The beach, however, was blissful. I hadn’t seen the ocean since I was in Scotland in 2009 and spent nearly two hours roaming the beach, paddling in the water and watching the happy little children scream and bound about with carefree abandon. It felt so good to be beside the ocean again, felt so good to feel the cool salt water lap around my toes. It’s one of the things I miss most whilst living in the landlocked town of Wodonga. The ocean is in my blood, always has been, and it just feels wrong to live so far away from it.

After perusing the artistic wares on offer at the St. Kilda Esplanade market, I boarded a tram for a return trip to the city. Unlike the tram I caught to St. Kilda, I became a little overwhelmed on my return. I don’t deal well with public transport. Buses. Trams. Trains. I don’t like the hideous amount of people crammed into a tiny space. I don’t like control being taken away from me. I don’t like stop-start movement of these methods of transportation. So as the tram trundled along St. Kilda Road I found my anxiety rising for the first time since being in Melbourne. It wasn’t helped by the person sitting next to me noisily chewing gum; something which set my misophonia off to startling, uncomfortable degrees. So I alighted the tram early, choosing to walk my blistered feet a couple of kilometers rather than deal with the anxiety that was overtaking me.

By now I was pretty tired. My feet were sore. And I was somewhat overwhelmed with all the memories that had been bombarding me all day. I was proud of my achievements – Lygon Street, Brunswick Street, two tram journeys – but knew it would be best to return to the motel for a night of relaxation and reflection.

For dinner I chose to have a Subway Veggie Delight sandwich, which I munched down on whilst watching a double bill of Spider-man and Spider-man 2, which I found playing on an obscure television channel. On the agenda for Monday was the (much longed for) Melbourne Sea Life Aquarium and an evening spent enjoying the city after dark; surely two activities that would ensure the day be something exceptional! :)


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Melbourne 2015: Day 03. Facing the demons of the past…

And so we come to day three of my fabulous adventures in Melbourne. A day that saw me explore Melbourne’s past, face my personal demons and rediscover the majestic taste of the greatest soft drink known to human kind…

21st August 2015, 8:02pm
Room 211, Flagstaff City Inn

I’ve done so much walking over the last two days that I’ve developed blisters on top of blisters! Walking back to the motel this evening was exquisite pain, but removing my shoes and socks after another busy day was exquisite bliss. Although when I finally got a look at my blisters I was a bit disgusted. I have one on my left foot’s little toe that is bigger than the toe itself. It’s quite disgusting and, as I brought nothing sharp to pop it with, resorted to using one of the in-room forks to relieve the agony. Which was difficult, to be sure, but mightily satisfying when the damned thing burst!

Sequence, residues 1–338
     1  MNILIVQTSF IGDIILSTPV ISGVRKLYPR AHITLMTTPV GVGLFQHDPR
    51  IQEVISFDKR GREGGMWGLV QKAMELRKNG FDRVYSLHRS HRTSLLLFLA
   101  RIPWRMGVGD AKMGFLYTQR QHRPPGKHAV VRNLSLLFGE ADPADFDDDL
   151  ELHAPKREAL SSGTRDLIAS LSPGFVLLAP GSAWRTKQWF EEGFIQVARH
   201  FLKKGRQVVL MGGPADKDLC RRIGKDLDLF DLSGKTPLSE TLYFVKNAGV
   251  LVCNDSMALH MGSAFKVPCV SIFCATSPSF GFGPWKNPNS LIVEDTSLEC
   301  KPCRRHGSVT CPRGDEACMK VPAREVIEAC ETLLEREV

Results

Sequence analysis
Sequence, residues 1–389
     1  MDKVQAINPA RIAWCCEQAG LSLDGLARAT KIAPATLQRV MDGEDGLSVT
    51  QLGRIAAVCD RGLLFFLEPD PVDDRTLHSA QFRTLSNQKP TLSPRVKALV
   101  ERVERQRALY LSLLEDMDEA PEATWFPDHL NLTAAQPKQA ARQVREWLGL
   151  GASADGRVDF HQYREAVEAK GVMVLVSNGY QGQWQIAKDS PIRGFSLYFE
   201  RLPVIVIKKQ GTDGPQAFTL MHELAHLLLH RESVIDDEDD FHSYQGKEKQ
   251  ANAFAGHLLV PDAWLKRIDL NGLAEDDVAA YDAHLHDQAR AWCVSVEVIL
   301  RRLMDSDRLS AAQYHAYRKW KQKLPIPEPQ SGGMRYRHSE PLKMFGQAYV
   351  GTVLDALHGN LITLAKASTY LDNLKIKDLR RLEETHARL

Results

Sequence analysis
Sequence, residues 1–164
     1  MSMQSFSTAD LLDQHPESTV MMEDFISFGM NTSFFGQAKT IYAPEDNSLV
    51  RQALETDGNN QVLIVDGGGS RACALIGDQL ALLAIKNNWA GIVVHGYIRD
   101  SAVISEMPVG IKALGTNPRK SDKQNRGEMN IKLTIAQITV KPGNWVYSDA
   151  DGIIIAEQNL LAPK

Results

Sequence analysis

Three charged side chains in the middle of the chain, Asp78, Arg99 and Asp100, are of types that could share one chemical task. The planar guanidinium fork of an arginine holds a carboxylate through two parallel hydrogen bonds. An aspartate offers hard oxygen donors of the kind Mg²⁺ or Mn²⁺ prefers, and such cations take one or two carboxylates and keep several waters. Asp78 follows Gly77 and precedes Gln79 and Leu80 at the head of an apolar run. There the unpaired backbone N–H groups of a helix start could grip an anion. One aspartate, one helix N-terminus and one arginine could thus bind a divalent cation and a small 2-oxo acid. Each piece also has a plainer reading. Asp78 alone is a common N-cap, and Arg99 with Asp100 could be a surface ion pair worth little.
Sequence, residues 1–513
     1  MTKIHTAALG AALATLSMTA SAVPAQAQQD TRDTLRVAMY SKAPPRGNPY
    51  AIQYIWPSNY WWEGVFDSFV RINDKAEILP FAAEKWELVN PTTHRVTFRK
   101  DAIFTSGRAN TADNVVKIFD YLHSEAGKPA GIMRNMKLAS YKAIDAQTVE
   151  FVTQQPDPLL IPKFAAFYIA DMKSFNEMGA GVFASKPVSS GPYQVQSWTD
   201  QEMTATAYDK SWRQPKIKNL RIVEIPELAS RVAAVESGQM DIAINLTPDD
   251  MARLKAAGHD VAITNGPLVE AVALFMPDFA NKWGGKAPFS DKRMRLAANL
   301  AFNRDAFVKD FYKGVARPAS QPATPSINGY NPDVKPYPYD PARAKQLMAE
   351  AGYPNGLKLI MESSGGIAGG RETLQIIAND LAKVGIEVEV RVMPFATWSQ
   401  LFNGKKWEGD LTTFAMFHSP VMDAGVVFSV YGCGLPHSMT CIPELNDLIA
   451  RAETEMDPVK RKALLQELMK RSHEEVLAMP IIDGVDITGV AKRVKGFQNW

I wasn’t quite as keen leaving as yesterday but I was in the city by 9:30am and at the museum by 10:00am. Yes, this much-loved destination was my chosen activity for the day, and to be honest, I was slightly underwhelmed. Sure, Meadhbh got all excited and started RAWRing in my ear when she saw the dinosaurs (they were completely unexpected) but the rest of the displays were lackluster and somewhat disappointing. There was a delightful rainforest installation (actual trees!) and the section that investigated the mind and all that affects it was interesting but for Melbourne Museum, there wasn’t an awful lot about Melbourne itself. Just a lackadaisical display that was nowhere near as interesting as I remembered. Sure, Phar Lap was present and correct, but where was the information on Melbourne’s growth as a city? Where was the artifacts drawn from Melbourne’s colourful history? Where was the Neighbours kitchen that used to grace this magnificent building? I did enjoy my visit to the museum – fortunately, due to my concession card, I gained free entry – but I was just disappointed that the displays weren’t as interesting or enjoyable as I remembered them.